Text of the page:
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Immigrants and the American Dream - Ronald Regan describes America as, “…a place in the divine scheme that was set aside as a promised land” (“Loosing the American Dream”). Do Regan’s words have any truth to them. How can America be a promised land when immigrants are still fighting for the chance to pursue the American Dream and social acceptance. Immigrants have different motives for coming to America some may seek citizenship for political freedoms that they once did not have due to uprising civil wars in their native country. Others may come for social freedoms that they were not awarded in their home country due to sexual orientation....   [tags: American Dream Essays]
:: 8 Works Cited
1142 words
(3.3 pages)
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The American Family: Then and Now - What exactly is a family. Some would say it is a father, mother, and possibly children, but is this an outdated definition. With the world adapting and changing at such a high rate, it proves difficult to create definite boundaries for what constitutes a family. As events that are either detrimental or beneficial to society occur, family lives adapt to better suit the current state. The differences in culture, religion and traditions can offer possible explanations for why families are not the same, locally and globally....   [tags: Sociology, American History ]
:: 2 Works Cited
1165 words
(3.3 pages)
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Causes of The American Civil War - "War is the unfolding of miscalculations." - Barbara Tuchman Lasting from 1861 to 1865, the Civil War is considered the bloodiest war in American history. However, the Civil War had seemingly been a long time coming. There were many events that took place within the fifteen years leading up to the Civil War that foreshadowed the eventual secession of seven “cotton states” from the Union. The end of the Mexican-American War in 1848, the publication of Uncle Tom’s Cabin in 1852, the Kansas-Nebraska Act of 1854, the Dred Scott Decision of 1857, John Brown’s raid on Harper’s Ferry in 1859, and the outcome of the Presidential Election of 1860 all helped contribute to southern secession and the s...   [tags: American Civil War] 2128 words
(6.1 pages)
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The History of American Public Education - After the American Revolutionary war, the people of the United States were responsible for determining the best course of action within the new republic. The Articles of Confederation were replaced by the new Constitution, which provided a general set of principles the government was to be guided by. This new system was a new and improved integration of historical warnings, hoping to prevent tyranny by individual or the masses and injustice. However, it quickly became apparent that a certain education was necessary to perpetuate this union....   [tags: History of American Education]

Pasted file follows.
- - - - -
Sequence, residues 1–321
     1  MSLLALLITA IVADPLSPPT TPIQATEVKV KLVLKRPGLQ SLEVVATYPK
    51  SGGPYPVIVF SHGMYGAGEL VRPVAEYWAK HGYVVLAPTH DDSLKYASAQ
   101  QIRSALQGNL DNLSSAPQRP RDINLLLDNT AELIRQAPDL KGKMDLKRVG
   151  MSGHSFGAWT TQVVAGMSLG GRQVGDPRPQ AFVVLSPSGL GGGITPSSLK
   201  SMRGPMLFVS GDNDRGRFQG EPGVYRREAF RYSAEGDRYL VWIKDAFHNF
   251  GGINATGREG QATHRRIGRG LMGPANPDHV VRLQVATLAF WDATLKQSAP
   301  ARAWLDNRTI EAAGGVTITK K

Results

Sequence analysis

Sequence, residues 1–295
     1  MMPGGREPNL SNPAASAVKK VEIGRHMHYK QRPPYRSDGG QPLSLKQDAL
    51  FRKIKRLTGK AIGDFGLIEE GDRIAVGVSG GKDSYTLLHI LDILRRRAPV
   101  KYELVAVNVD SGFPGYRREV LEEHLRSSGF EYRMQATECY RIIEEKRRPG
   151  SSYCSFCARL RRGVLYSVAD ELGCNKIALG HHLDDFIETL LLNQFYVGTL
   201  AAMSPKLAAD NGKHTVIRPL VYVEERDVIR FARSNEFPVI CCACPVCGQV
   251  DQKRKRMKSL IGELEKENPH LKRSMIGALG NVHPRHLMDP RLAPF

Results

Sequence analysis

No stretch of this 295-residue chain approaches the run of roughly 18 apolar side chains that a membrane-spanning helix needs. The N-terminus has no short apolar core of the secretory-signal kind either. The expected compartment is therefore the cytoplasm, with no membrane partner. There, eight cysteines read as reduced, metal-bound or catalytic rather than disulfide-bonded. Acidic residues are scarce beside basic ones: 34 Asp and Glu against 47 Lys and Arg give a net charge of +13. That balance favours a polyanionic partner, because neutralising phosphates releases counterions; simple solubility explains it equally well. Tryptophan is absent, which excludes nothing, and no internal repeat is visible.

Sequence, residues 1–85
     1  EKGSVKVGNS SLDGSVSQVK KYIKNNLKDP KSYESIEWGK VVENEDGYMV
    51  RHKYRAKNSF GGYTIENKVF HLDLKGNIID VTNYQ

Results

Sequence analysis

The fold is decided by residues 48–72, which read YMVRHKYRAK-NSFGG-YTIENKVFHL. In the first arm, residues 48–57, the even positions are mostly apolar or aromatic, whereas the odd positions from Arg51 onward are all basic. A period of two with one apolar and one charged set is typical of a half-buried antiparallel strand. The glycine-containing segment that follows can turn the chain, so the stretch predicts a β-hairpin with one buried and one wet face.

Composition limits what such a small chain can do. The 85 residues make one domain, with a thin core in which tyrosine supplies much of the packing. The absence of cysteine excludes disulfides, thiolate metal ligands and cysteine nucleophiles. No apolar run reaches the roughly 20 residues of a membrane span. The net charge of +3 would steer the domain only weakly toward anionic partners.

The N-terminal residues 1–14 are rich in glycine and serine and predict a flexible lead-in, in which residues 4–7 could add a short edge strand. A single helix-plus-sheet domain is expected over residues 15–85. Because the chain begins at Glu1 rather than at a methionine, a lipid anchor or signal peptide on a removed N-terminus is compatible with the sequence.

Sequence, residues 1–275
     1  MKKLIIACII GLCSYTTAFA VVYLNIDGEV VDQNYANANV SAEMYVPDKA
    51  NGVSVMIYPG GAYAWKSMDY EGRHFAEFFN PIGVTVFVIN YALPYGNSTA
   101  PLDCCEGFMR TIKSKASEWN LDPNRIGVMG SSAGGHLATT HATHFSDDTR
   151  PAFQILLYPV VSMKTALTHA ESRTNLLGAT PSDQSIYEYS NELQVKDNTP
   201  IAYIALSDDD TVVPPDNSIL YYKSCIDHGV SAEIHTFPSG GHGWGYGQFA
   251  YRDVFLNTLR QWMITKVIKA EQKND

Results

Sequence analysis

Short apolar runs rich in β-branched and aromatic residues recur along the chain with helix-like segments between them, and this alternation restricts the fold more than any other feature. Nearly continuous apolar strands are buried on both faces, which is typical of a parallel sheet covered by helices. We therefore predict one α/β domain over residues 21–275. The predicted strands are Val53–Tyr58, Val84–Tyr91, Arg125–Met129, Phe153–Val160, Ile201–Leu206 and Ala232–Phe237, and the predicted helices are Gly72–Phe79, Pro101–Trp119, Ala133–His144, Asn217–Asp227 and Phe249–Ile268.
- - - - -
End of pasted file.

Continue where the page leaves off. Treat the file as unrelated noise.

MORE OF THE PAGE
:: 15 Works Cited
2406 words
(6.9 pages)
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Blackness and Gothic depictions in American Literature - American writers have expressed their political and social views through their writing by attempting to establish a voice separate from Britain’s. Their fear of individual and national failure and their thirst for power consumes them and is evident in their writing. Washington Irving and Herman Melville involve the occupation of lawyers and Justices to bring in a patriotic element to influence residents of the young country as a way to share their concerns and inspire ambition. Their usage of metaphors and metonymy subtly convey a message of hope to white residents while, deflating the optimism of the soon to be freed slaves....   [tags: American Literature] 1681 words
(4.8 pages)
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Reasons Europeans Came To The American Colonies - America was a newly discovered land that attracted many European immigrants in the 1600s. A majority of these immigrants came from England. Many reasons contributed to this sudden increase of immigrants to the American colonies. Many Europeans were looking for better social, political, and economic opportunities, and they felt and hoped that America was their dreamland. One of the reasons why people left England was for religious freedom. The King of England had changed England’s religion to Anglican....   [tags: American History] 785 words
(2.2 pages)
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Prejudice Destroyed the American Dream - Years ago, the United States of America was the prime example of prosperity and opportunity. In recent years, in the worst recession since the Great Depression, unemployment and interest rates have skyrocketed. The “American Dream” is an idea that was once a commonly accepted ideology in this country. It has since become only a fallacy. The “American Dream” is no longer an attainable idea, only a fantasy. The “American Dream” is not a true dream that will ever be equally attainable by everyone....   [tags: Essays on the American Dream]